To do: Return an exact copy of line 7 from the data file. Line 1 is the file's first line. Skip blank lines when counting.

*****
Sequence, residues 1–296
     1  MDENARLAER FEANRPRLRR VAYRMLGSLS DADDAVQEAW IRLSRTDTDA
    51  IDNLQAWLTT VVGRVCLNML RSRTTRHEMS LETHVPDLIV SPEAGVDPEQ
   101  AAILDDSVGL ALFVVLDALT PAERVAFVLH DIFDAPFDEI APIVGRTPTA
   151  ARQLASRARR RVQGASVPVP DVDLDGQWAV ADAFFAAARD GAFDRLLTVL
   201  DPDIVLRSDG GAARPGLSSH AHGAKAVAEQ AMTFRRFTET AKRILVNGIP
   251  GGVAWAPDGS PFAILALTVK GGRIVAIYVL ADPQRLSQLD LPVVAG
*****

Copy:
   251  GGVAWAPDGS PFAILALTVK GGRIVAIYVL ADPQRLSQLD LPVVAG